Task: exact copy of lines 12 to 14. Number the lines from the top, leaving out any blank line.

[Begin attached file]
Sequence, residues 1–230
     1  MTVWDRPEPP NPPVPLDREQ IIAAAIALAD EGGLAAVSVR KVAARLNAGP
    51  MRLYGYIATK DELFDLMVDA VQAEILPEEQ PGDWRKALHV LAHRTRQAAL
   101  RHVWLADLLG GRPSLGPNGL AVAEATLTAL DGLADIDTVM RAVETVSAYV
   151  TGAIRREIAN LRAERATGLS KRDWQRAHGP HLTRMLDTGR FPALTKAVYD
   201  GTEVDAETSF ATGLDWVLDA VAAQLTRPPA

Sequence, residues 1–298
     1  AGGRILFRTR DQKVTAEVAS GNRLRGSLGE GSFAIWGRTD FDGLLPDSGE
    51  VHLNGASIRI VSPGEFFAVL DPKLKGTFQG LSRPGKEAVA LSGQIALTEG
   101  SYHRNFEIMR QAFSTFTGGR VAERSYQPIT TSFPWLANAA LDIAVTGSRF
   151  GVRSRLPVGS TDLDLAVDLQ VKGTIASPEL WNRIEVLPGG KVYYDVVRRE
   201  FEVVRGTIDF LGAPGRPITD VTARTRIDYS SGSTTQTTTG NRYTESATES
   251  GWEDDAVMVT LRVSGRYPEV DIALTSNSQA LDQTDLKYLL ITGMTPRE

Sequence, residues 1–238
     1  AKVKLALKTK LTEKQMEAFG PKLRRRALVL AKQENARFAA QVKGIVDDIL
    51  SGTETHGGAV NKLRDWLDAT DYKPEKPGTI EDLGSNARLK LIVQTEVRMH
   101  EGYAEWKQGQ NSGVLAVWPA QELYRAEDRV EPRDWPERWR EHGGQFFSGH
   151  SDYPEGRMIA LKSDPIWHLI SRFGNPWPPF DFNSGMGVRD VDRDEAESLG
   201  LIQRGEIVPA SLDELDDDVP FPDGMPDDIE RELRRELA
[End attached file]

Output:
   201  FEVVRGTIDF LGAPGRPITD VTARTRIDYS SGSTTQTTTG NRYTESATES
   251  GWEDDAVMVT LRVSGRYPEV DIALTSNSQA LDQTDLKYLL ITGMTPRE

Sequence, residues 1–238